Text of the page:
When my young kids want a treat, they usually ask me or their mother for permission. A negotiation ensues. Promises are made. Concessions are extracted. More often than not, after some delay and occasional tears, my kids will get their treat — but at a price.
This arrangement (mostly) works for a family with young children, but our economy shouldn’t operate on this model. Federal agencies aren’t parents, and economic actors aren’t children who must seek prior permission for routine conduct. Beyond specific areas such as national security and health and safety, our economic framework rests on a foundation of freedom. That framework has produced the strongest economy in the history of humanity.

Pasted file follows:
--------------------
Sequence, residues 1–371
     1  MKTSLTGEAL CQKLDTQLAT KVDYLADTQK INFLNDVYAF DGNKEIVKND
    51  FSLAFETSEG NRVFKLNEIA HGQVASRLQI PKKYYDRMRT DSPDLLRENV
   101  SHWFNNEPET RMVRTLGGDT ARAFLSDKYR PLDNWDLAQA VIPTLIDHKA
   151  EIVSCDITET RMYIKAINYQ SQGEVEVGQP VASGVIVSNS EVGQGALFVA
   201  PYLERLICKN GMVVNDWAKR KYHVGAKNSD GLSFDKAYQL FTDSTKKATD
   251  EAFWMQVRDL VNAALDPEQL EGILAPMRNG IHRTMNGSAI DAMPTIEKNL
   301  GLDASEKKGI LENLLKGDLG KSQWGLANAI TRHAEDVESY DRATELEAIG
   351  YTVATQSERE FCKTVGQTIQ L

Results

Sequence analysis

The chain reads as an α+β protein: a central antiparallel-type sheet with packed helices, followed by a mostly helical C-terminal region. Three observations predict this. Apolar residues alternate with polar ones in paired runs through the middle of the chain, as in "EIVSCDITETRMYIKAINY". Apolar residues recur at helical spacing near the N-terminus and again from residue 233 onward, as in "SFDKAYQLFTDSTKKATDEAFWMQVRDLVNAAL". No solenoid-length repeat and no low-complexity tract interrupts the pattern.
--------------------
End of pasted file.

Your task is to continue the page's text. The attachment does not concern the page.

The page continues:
Unfortunately, many policy types want to expand the situations in which private companies must seek prior permission from the federal government for routine conduct. Based on the belief that “big is bad,” these proposals would flip the current rule that the government bears the burden of
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